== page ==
As you are walking or cycling around Polonnaruwa, keep an eye out for the cheeky toque macaques who have inhabited this city since humans first arrived and endured long after they left.

The rock sculpture of Gal Vihara is considered among Sri Lanka’s finest art works.

3. Climb the stairs to the Sky Palace of Sigiriya

Sigiriya, or the 'Lion’s Rock' is an 180-metre high granite peak that towers above the surrounding plateau and is dominated by fortified palace ruins that date back to the 5th century AD. It is home to some of the oldest known landscaped gardens in the world, set within the walled ‘lower city’. Here imaginative urban planning includes water-retaining structures and hydraulic systems that can still function today.

The ruins of the fortified palace are a spectacular place to wander, offering exceptional 360 degree views out across the plains below. As you ascend the side of the rock’s western face, elaborate frescoes depicting heavily adorned women can be seen, together with the ‘Mirror Wall’. Originally covered in highly polished white plaster, enabling the king to see his reflection as he passed by, it now features the ancient Sinhalese texts of the 'Sigiriya graffiti'.

Sigiriya is one of the few places in Sri Lanka to go hot air ballooning, and soaring over the palace-topped granite peak, surrounded by lush jungle traversed by elephants, is an incredible experience. The hot air balloon season runs from November to May and most tours include a champagne breakfast following the sunrise flight.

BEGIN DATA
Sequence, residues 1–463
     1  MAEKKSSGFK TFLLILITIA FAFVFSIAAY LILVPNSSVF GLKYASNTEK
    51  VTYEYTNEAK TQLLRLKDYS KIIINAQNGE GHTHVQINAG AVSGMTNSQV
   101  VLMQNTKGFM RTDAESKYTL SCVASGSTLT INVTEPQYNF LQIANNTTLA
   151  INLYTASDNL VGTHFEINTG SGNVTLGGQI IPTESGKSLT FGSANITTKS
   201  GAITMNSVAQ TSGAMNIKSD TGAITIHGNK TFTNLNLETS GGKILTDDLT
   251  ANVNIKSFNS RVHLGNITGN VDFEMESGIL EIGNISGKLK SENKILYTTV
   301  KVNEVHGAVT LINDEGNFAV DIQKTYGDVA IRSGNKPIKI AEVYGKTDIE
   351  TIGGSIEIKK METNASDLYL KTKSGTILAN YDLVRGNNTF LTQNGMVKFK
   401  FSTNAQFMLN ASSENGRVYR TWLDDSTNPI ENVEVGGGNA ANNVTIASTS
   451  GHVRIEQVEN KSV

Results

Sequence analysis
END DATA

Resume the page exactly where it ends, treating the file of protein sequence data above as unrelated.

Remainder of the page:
The ruins of the Sigiriya fortified palace are a spectacular place to wander, offering exceptional 360 degree views out across the plains below.

4. Marvel at the cave frescoes of Dambulla’s Golden Temple

Home to outstanding mural paintings and Buddhist statues, this 1st century cave-temple complex is the largest and most well-preserved of its kind in Sri Lanka.

Throughout the five caves you can witness some of the 153 statues of Buddha that reside there, together with frescoes illustrating the Kandy school style of painting in the late 18th century. Under these there are paintings dating back to the monastery’s inception. The site has an overwhelming sense of tranquility, fusing man-made structures, such as a monastic chapter house and dagoba, within a naturally beautiful landscape.

The Golden Temple of Dambulla presents a unique set of challenges to conservationists as to whether the paintings should be stripped back to show their earlier examples. Wall surfaces have been continually painted over throughout its 22 century history - an ongoing tradition made necessary by the salt and moisture content of the caves that naturally degrades them.

Dambulla's Golden Temple, a 1st century cave-temple complex, is the largest and most well-preserved of its kind in Sri Lanka.

5. Pay your respects at Kandy's Temple of the Tooth

Kandy at the southern-most tip of the 'Cultural Triangle' is famed for the Temple of the Tooth Relic which houses Buddha’s sacred tooth and serves as the religious capital of Buddhism. Founded at the end of the 16th century, the temple is open to visitors regardless of religion to explore its elaborate interior decorations. While the sacred tooth itself is not always on display, monks perform rituals three times daily and on Wednesdays it is bathed in fragrant waters.